Ageing retired goth rock star Cheyenne (Sean Penn) sets out on an unusual journey across America to find the Nazi war criminal who prosecuted his father. See how the journey plays out in our review of This Must Be The Place after the jump.
Cheyenne is a happily married retired goth rocker who lives with his wife (Frances McDormand) luxuriously in the peaceful Irish countryside. There he lives a fairly slow-paced lifestyle, walking everywhere at glacial speed while wheeling his grocery caddy behind him. After 30 years of not travelling anywhere, Cheyenne is summoned to the USA to be with his dying father. Cheyenne (who is has been estranged from his father for many years) discovers that his father dedicated most of his life to trying to hunt down the Nazi war criminal Aloise Lange (Heinz Lieven), who he believes was his prosecutor at Auschwitz. Cheyenne decides to pick up where is father left off, and sets off on a journey across America to search for Aloise.
From here we follow Cheyenne on his somewhat baffling, often amusing, and sometimes heart-breaking journey. The characters he encounters along the way are rich and multi-layered, and each brings out something new or different in Cheyenne. As he goes deeper into his journey, the audience concurrently goes deeper into Cheyenne’s psyche and learns more about what makes him tick. A highlight of the film is Cheyenne’s encounter with Rachel (Kerry Condon) and her young son Tommy (Grant Goodman). Cheyenne is very much like a child and can relate to the awkward Tommy in a way that most adults probably can’t. The scenes between them are extremely touching and provide not only great character development, but also some of the funniest moments in the film.
This film is Cheyenne’s film, and it is the complexity and uniqueness of Cheyenne’s character on which the film’s success relies on. Thankfully, he is a fascinating character with very unique mannerisms and a personality like no other leading male character on film. His character has such little energy, and yet you can’t help but be completely captivated by him. His rock and roll lifestyle has obviously taken its toll, and consequently every movement he makes is laboured and purposeful. His words are softly spoken and few, but each one is important and well thought-out. Cheyenne does not waste a single word or step in the entire film. He obviously has a huge heart, but it is one that he keeps closely guarded. The film touches on issues and events in his past which have contributed to his inwardness, but for the most part this is left unexplored. However, it is the fact you know he has this huge heart that makes you get behind him 100%, and it’s very easy to become totally emotionally invested in his journey and it’s outcome.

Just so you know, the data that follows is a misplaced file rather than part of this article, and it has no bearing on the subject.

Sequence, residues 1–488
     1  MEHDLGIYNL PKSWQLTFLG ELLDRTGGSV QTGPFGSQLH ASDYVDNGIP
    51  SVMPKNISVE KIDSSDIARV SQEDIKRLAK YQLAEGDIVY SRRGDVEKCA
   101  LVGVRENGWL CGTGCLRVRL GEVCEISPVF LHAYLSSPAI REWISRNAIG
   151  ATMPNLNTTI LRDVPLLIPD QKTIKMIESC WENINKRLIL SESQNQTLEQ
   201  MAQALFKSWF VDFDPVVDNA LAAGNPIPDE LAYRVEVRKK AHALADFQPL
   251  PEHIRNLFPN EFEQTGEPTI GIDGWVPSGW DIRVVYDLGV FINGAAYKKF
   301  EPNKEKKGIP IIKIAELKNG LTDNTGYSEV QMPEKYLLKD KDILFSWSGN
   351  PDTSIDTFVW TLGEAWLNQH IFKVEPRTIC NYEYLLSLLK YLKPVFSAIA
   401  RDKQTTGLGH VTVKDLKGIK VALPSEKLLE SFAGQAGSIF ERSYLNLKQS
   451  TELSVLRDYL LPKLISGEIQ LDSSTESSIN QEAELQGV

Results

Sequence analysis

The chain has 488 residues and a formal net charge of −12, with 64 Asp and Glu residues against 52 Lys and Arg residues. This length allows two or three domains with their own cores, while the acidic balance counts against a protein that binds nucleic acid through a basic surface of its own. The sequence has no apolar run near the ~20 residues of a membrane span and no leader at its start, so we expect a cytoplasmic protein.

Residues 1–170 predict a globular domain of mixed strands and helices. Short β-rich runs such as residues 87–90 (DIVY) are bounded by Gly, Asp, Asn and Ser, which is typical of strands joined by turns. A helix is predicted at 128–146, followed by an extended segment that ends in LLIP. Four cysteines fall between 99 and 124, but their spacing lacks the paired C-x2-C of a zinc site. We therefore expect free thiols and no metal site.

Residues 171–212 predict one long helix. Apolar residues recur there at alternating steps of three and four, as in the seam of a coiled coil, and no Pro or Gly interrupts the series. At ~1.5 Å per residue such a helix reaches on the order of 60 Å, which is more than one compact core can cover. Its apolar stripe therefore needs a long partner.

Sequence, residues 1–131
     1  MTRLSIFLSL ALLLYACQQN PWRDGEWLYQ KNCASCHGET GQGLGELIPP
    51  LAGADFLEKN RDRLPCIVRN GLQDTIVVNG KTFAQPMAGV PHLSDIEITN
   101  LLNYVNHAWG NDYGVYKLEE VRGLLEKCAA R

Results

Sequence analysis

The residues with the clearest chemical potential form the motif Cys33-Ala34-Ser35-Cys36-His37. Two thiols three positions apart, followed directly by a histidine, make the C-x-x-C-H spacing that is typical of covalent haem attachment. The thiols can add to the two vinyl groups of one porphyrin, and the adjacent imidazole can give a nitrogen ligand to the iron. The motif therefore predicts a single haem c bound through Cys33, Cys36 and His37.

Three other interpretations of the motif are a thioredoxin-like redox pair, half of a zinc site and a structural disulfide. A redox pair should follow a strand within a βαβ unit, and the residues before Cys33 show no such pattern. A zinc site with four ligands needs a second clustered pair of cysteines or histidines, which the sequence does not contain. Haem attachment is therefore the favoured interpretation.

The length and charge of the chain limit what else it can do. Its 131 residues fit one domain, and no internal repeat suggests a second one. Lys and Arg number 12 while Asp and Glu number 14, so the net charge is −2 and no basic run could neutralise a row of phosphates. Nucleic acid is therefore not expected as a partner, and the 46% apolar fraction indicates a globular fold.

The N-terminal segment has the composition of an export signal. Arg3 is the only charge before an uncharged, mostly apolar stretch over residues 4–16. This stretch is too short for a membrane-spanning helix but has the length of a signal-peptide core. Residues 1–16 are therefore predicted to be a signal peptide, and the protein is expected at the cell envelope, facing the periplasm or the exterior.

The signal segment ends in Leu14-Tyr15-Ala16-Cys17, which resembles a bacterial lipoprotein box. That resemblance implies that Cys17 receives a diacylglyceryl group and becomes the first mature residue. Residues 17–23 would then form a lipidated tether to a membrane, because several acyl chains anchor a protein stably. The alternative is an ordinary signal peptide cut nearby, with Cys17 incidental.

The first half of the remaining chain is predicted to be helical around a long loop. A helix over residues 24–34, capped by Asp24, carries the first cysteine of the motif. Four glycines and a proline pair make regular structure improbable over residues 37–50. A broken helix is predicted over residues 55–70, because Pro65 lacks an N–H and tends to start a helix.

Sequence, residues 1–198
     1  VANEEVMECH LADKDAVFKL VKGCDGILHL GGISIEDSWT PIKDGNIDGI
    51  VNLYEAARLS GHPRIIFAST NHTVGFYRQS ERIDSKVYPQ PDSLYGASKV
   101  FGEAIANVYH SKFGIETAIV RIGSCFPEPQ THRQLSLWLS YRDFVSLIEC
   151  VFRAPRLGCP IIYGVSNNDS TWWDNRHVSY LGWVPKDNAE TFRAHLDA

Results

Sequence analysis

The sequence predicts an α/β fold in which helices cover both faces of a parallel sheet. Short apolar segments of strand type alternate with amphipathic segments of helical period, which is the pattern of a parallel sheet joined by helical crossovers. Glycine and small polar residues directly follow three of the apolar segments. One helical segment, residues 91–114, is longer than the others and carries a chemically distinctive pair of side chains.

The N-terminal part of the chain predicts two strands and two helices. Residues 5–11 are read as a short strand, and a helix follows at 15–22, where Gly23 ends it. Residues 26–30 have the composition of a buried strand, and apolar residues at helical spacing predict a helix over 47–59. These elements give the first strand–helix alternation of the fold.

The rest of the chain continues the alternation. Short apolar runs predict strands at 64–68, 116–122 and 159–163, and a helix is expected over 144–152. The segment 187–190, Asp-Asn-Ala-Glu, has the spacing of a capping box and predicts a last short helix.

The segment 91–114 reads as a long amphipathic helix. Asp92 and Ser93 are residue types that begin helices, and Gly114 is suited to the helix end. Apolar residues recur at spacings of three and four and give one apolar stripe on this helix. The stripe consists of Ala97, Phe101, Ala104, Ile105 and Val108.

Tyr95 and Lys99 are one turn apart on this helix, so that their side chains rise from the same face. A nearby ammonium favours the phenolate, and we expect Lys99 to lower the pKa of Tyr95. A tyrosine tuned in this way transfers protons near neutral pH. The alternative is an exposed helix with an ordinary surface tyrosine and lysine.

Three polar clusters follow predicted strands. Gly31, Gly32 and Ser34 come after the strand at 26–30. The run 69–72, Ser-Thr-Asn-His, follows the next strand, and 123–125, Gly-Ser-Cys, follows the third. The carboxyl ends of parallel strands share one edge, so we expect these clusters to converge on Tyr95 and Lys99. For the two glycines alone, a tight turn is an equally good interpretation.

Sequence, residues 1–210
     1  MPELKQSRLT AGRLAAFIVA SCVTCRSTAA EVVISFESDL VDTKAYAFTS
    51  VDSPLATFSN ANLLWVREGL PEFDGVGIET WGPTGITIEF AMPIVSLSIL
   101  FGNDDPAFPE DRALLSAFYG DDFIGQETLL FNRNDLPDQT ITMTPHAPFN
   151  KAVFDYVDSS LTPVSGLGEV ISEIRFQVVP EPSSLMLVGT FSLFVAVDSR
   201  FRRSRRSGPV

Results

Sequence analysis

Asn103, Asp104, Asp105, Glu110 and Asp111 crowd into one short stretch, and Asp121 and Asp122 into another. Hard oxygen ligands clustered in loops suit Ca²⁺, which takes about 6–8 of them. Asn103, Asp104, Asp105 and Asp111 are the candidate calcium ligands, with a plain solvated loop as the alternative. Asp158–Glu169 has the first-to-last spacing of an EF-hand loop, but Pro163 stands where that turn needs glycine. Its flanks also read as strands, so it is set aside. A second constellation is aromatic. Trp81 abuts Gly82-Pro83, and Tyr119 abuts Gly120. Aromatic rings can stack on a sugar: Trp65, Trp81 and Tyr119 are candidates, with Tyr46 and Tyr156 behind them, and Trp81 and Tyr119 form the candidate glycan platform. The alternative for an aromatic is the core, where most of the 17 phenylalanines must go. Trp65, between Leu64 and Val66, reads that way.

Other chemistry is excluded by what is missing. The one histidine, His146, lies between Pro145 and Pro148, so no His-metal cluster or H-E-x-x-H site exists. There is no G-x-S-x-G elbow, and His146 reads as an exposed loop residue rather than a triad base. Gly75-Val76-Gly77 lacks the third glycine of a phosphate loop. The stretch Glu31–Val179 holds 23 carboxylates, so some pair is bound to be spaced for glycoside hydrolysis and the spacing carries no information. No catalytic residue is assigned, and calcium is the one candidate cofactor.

The cinematography and the music are as much stars of this film as Sean Penn is. Firstly the music so vital to the emotional core of the film. The Talking Heads songs (one of which the title of the film comes from) are extremely catchy and very enjoyable to hear throughout the film. It’s amazing how much emotion and depth the music adds, and it is something that really sticks with you after the film. Try not humming the songs and imaging the scenes once you’ve seen it! It’s impossible!
The cinematography is simply beautiful, and much praise must be given to the Director of Photography, Luca Bigazzi. The landscapes are brutal and unforgiving, and he makes the most of them in every shot. There is some truly incredible photography in this film, and in particular there are several amazing tracking shots which will have you wondering how the heck he managed to get the camera there. The film also employs the use of many close-ups to show every single bit of emotion on the characters faces – it feels very intimate.
Overall, This Must Be The Place is an incredibly moving, charming, and interesting journey with one of the most unique characters you’re likely to ever meet. While the film is 118 minutes long, it is so well-paced that you really don’t feel it. If anything you wouldn’t mind if it went just a bit longer, so you could spend more time with the fascinating Cheyenne.
Director: Paolo Sorrentino
Writer(s): Umberto Contarello & Paolo Sorrentino
Starring: Sean Penn, Frances McDormand, Judd Hirsch, Eve Hewson
Runtime: 118 minutes
Release date(s): Australia: April 5th 2012; New Zealand & USA: date not set